Scott Ryan’s stellar scripts and performance, and his determination to do both himself, having done neither before, must surely have made him the darling of the global film-school circuit. His calling card for his main character, Ray Shoesmith, was a movie written, directed, performed and edited by him, and made for a reported $3000. (Scott, I hope you don’t mind, I’ve given your number to Zack Snyder’s financial controller.)

The first of Mr Inbetween’s three seasons screened in 2018, but I heard of the show only a few weeks ago. I guess that goes some way to explaining the aforementioned FOMO. You chance on something like Mr Inbetween, then lie awake at night wondering how many other gems are lurking in the several hundred thousand hours of streamables awaiting our demand. Or maybe you don’t even go to bed. You stay up and frantically sample 30-minute first episodes until you pass out.

What a night that was. My viewing notes are hard to read, because that’s the thing with compressed quality viewing, you can’t take your eyes off the screen. I scrawled I Am Not Okay With This, which might be a reference to Jonathan Entwistle and Christy Hall’s pithy and engaging short-form Netflix adaptation of Charles Forsman’s graphic novel. Or maybe it’s a comment I made about Big Mouth (Netflix), the animated coming-of-age show whose loveable and complex adolescent characters swap dialogue so sexually explicit the title must refer to our dropped jaws.

I also scribbled SBS, probably an abbreviation for Short But Superb, which applied to much of what I sampled (Hacks, After Life, Rosehaven), but also a reminder that in my frenzied desire to see it all, I eventually strayed into On Demand’s home turf, territory I usually avoid on account of the ads and the SBS algorithm that inserts them while watching the clock rather than the plot.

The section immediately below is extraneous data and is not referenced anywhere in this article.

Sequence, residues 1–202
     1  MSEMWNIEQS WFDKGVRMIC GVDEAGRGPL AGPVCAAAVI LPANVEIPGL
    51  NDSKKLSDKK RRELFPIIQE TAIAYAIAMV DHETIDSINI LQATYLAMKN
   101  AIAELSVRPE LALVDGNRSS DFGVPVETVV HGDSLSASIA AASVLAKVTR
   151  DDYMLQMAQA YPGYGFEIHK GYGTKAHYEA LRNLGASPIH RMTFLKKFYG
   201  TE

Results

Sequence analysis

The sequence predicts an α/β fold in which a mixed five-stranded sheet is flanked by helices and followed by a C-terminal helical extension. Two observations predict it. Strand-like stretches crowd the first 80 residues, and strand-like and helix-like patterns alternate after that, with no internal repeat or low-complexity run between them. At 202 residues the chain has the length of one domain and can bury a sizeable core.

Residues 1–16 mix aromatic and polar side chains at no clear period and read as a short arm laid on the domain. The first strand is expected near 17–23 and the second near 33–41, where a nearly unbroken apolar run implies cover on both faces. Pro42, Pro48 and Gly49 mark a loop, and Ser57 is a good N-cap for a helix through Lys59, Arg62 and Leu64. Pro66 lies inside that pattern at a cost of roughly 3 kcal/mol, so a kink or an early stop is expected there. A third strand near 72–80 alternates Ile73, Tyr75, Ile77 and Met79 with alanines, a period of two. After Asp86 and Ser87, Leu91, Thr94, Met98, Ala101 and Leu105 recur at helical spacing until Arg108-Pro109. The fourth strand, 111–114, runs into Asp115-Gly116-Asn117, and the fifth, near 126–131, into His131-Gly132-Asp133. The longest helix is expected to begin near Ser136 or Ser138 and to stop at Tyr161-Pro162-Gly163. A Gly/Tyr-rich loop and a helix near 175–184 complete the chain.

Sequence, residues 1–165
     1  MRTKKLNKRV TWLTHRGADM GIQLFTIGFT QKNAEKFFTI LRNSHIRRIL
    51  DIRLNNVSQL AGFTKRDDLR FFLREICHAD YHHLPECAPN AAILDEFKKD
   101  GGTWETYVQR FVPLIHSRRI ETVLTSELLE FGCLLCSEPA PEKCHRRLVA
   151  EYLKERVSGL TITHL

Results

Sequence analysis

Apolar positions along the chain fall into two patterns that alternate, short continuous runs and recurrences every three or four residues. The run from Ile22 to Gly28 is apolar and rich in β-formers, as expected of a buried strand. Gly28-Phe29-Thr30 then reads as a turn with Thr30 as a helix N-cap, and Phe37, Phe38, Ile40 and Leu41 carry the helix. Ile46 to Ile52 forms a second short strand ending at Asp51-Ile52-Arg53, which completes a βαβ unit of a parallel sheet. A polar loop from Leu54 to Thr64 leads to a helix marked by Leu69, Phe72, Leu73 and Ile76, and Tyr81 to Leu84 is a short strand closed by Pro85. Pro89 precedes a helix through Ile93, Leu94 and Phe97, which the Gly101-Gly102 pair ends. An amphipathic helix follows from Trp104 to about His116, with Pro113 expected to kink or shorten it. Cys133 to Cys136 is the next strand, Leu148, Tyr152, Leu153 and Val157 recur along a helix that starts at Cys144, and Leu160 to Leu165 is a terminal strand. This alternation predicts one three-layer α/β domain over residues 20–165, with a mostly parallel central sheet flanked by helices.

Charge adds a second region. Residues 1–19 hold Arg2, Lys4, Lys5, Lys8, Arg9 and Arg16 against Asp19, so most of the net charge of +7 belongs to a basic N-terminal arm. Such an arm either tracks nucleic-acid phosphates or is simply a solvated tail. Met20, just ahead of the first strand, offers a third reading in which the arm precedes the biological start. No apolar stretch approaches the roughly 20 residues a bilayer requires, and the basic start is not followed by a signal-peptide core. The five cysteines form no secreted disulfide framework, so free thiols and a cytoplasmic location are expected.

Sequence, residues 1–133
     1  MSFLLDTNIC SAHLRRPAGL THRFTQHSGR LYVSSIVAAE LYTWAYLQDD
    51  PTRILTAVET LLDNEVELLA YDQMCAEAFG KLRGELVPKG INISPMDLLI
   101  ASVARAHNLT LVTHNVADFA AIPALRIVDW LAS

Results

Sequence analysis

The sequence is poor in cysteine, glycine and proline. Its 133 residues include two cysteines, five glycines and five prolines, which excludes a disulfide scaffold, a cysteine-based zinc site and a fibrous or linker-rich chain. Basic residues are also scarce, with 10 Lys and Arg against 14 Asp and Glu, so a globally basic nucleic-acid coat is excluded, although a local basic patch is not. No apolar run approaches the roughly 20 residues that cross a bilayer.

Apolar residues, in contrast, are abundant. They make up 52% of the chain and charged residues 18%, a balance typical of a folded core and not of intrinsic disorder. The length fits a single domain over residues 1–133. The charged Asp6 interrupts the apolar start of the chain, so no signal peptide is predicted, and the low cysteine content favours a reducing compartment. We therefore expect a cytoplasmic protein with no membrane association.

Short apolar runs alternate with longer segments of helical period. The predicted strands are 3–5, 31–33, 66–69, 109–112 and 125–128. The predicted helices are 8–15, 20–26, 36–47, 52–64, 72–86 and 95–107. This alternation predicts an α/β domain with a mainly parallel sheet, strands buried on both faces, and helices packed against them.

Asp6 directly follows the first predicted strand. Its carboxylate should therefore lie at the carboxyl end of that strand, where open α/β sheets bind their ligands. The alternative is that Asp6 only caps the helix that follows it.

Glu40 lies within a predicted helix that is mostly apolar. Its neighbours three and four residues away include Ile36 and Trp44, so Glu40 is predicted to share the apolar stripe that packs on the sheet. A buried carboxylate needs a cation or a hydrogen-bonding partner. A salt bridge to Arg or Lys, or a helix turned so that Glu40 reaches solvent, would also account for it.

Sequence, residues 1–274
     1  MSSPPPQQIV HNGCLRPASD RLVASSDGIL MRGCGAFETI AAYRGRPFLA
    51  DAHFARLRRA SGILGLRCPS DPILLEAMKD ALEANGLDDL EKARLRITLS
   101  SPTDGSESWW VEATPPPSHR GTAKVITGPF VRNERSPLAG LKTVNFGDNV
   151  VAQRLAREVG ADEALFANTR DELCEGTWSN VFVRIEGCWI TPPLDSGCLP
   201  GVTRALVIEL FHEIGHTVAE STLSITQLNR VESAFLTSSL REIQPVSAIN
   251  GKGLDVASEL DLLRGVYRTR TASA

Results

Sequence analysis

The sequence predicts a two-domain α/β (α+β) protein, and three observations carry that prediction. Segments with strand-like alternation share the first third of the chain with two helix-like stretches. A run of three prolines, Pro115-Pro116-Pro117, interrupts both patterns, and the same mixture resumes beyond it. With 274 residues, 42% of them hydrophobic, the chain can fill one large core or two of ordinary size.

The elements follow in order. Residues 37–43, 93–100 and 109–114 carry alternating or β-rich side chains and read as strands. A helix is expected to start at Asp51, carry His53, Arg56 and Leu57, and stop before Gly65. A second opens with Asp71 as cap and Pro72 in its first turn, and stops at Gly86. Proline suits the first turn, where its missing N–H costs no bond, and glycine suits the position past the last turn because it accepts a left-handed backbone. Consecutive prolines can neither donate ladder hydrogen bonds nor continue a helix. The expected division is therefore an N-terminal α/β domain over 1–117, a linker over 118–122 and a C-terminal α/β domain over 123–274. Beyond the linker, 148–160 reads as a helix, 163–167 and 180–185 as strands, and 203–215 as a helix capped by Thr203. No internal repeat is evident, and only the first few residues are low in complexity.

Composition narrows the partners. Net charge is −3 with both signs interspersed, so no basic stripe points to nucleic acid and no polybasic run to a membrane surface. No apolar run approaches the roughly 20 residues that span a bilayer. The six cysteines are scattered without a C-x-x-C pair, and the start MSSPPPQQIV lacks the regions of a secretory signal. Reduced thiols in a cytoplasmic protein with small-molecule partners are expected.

I’m so glad I did, because since I was last there, that SBS algorithm has developed a sense of social responsibility. Take, for example, Monogamish, an excellent no-nonsense series about a group of Swiss–German citizens working hard to make a go of things with their partners, and discovering how tragically awry long-term relationships can go in 23 minutes.

The first ad popped up before the opening titles. It was for an industry super fund, and SBS’s Algy had placed it so thoughtfully. Its final caption delivered not only a legislated warning, but a beautifully compact and useful reminder to the characters about the theme of their series: Past performance is not a reliable indicator of future performance.

Algy may have been sharing that message with us too, regarding our intimate but perhaps too-trusting relationship with our long-term streaming services. Some of which are starting to get a bit bossy and controlling, withholding new episodes and eking them out a measly one a week in a way that could get them into big trouble if we still had a family court.

What’s the deal, Binge and mates? Are you flexing your muscles and showing us that you’re the ones who’ve been making the demands all along? And that we obey and subscribe and accept what we’re given? Which, it’s true, might leave us feeling not quite so bloated with choice but is still a dangerous customer-relations strategy, particularly when you’ve chosen overeating as a brand.

Perhaps you should take a peek at David Attenborough’s A Life on Our Planet (Netflix), a witness statement about how easily a brave enterprise can be lost, plus some helpful suggestions about how our global one might be saved. There are many years of wisdom here, requiring considerably more than 30 minutes, and you wouldn’t want to lose a single one.

This is time-management of the highest order – as in all our time yet to come. If we get it right, says David, our seasons need never be cancelled. He too wants us to subscribe, but he’s not making demands: just gently reminding us how fast we’re running out of the really important choices.

Arts Diary

EXHIBITION Bark Ladies: Eleven Artists from Yirrkala

NGV International, Melbourne, until April 25

EXHIBITION Matisse Alive

Art Gallery of New South Wales, Sydney, until April 3

VISUAL ART Michelangelo’s Sistine Chapel: The Exhibition

West Village, Brisbane, until January 9

VISUAL ART Phoebe Wood-Ingram: Where were you last time I was here?

Salamanca Arts Centre, Hobart, until January 29

MUSICAL SIX the Musical

Sydney Opera House, December 19–April 2

Last chance

MUSIC Sound On Festival

RAC Arena, Perth, December 18

This article was first published in the print edition of The Saturday Paper on December 18, 2021 as "Demanding viewing".